ACTS 1:8
Prepared by Dr. John E. Marshall

AUGUST 24, 1997

Lesson one: Personally Involved

For our World View to succeed, every member of Second Baptist will have to find a place to serve, whether through praying, giving, or going. Involvement is the key. Jimmy Draper, President of our Southern Baptist Sunday School Board, tells a story which illustrates the importance of being personally involved.
February 15, 1921, stands as a watershed moment in medical history. On that day at King Summit Hospital in New York City, Dr. Evan O’Neal Cain performed a special surgery. In his 37 years as a surgeon, Dr. Cain had performed some 4,000 appendectomies. For years he had campaigned against the wholesale, widespread use of general anesthesia. He was a crusader, believing many surgeries could be performed with the use of local anesthesia.
Many doctors agreed with Cain, but nobody was willing to try it. No one would volunteer. People were queazy and squeamish about being awake when others were cutting on them. Thus, Dr. Cain’s theory remained unproved.
Finally, on February 15, 1921, Dr. Cain found a willing volunteer. The patient was wheeled into the operating room and given only local anesthesia. Dr. Cain opened the incision, removed the appendix, and closed the incision, with the patient experiencing only minor discomfort. Dr. Cain had proved his point, and medical science has never been the same since that day.
Who was the patient? Dr. Cain operated on himself. He could not prove his point any other way than by being personally involved.
In a higher, holier, and heavier sense, Jesus became involved in our situation to save us. He calls us to do the same for others.
I am ready to become involved. Ten months ago, I took a pen and wrote on a rough draft of a staff agenda two words, “World View.” Today I gladly take a pen and sign my name to a World View commitment card. I pray you will join me on this pilgrimage of faith.

Lesson two: We’re Still in the Arena

R.G. Lee told the story of a missionary who had retired and was returning to the USA after a lifetime of service in Africa. On the same ship, former President Teddy Roosevelt was returning to America from a hunting expedition in Africa.
When the ship docked, the whole city had turned out to welcome Mr. Roosevelt home. The former President and his entourage left the ship on a large walkway while a band played and the crowd cheered.
The other passengers, including the missionary, unceremoniously left the ship on a narrow gangplank kept out of view. Mr. Roosevelt and the cheering crowd followed the marching band in a huge parade toward the main part of town.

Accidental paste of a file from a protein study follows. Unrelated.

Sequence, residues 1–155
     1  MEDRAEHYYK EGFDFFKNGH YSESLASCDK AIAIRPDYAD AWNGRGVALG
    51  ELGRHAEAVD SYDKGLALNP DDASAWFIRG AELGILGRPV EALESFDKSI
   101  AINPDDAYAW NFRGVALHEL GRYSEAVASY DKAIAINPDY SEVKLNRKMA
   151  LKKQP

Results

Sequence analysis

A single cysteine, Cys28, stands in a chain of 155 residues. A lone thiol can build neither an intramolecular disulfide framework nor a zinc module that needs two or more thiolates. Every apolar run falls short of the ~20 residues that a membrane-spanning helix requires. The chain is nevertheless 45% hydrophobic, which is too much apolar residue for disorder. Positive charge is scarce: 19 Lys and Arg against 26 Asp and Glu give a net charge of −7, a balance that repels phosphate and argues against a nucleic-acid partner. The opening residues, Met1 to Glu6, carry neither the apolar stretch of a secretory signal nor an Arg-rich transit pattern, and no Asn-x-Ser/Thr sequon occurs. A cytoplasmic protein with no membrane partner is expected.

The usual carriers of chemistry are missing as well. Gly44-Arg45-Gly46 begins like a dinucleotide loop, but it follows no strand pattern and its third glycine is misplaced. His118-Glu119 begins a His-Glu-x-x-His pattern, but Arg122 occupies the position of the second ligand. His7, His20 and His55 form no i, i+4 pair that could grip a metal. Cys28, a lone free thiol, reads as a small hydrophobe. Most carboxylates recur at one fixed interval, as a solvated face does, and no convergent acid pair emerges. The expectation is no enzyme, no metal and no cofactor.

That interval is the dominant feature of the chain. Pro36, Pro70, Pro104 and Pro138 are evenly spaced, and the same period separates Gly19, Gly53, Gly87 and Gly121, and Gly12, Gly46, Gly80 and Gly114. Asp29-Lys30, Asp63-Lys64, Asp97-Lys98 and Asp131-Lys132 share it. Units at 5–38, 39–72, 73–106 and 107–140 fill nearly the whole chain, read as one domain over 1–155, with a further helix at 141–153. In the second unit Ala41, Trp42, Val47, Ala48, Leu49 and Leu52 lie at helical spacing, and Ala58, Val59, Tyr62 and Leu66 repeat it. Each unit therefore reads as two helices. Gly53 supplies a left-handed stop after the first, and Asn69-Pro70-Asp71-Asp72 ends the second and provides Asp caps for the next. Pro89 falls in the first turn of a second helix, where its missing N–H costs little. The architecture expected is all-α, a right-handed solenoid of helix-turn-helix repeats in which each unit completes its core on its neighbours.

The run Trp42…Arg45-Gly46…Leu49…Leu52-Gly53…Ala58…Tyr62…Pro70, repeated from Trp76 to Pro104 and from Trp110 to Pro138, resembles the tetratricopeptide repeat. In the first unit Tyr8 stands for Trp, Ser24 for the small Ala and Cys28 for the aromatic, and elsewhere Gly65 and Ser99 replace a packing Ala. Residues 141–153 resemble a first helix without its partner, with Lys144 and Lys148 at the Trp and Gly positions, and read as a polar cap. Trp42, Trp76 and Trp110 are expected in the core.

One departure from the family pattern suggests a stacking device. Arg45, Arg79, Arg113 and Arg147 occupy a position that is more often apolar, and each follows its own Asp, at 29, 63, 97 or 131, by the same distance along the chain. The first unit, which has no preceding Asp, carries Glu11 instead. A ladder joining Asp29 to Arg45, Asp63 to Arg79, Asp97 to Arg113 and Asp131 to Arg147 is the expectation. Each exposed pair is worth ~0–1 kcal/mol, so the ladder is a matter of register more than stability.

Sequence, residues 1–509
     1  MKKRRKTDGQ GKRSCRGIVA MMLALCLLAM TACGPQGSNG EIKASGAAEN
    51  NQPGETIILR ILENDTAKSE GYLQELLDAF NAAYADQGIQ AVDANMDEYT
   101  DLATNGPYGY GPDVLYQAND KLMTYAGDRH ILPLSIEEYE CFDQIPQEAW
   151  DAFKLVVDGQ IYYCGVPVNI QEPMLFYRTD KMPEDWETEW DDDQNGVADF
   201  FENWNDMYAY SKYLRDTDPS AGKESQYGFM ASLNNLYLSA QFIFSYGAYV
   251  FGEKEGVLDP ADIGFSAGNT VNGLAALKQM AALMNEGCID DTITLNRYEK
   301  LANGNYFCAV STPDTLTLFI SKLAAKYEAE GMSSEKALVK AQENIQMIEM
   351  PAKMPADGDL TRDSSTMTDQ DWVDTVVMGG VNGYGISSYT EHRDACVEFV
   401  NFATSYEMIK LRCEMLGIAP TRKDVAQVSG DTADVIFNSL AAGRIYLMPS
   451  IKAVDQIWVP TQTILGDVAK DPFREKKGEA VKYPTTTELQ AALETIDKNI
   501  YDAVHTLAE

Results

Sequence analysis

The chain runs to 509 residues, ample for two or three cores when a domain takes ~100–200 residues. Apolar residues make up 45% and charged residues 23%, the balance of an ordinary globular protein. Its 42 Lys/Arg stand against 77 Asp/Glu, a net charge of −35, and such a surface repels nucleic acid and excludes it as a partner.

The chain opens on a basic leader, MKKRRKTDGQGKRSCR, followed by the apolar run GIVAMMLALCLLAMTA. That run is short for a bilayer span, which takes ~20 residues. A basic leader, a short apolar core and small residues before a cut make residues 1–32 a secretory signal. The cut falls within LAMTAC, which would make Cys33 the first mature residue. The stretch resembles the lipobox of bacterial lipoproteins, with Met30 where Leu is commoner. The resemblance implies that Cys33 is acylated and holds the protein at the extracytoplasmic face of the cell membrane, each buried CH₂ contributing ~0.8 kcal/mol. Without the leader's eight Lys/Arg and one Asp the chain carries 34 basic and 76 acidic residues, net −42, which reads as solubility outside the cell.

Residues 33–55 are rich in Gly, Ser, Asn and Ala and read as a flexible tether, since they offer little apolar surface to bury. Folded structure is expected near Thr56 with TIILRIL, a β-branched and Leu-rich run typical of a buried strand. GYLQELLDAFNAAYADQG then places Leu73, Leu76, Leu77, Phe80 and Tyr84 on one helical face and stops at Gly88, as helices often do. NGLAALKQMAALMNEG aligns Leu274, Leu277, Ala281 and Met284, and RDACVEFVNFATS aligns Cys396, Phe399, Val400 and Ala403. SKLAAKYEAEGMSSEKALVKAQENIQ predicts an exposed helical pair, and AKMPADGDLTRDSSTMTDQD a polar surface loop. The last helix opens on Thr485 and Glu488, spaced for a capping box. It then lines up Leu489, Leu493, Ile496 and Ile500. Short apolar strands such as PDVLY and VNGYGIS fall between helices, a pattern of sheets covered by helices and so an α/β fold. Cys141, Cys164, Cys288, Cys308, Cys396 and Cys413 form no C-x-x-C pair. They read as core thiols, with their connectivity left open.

Soon everyone had left the pier, everyone except the missionary, who was left behind standing by himself. Even the people who were supposed to meet him had forgotten to come. Finally, the man who had given his whole life in missionary service, picked up his baggage and began trudging toward town. Hearing the revelry in the distance, feeling wronged and hurt, alone and dejected, the lonely missionary began complaining to God. “Lord, this isn’t right. I’ve given my life in service to you. I deserve to be treated better than this upon coming home.” Then the missionary sensed God whispering in his heart, “Son, you’re not home yet.”
Someday in Heaven there will be a great reception and time of honor for God’s faithful servants, but in the meantime we must remember we are not home yet. To borrow a line from Teddy Roosevelt himself, we are still in the arena. We are still able to engage the enemy, still able to make a difference. We have time and opportunity to start something which can outlive us.
When asked what he would do if he knew he would die tomorrow, Martin Luther replied, “Plant a tree.” In other words, he would do something which would continue blessing others, even long after he was gone. The World View gives us an opportunity to outlive ourselves, to overcome the limitations mortality tries to set on how much any one person can do in one lifetime. It affords us a chance to invest our lives in things which will continue to live after we are gone.
Seventy years ago this month, my Grandma Hill left her home in California, boarded a train, and journeyed to Southwestern Seminary in Forth Worth, Texas, in order to make a difference in her world. Seventy years ago today, my Grandma Marshall gave birth to my dad, the man who changed my world, who led me to saving faith in Jesus, and who most affected my formative years in the ministry.
We all follow in the footsteps of others who have gone before, dear saints who are passing the baton to us. Many have labored in the fields before us. Now we must lift up our eyes, look upon the fields, and find our place in the harvest.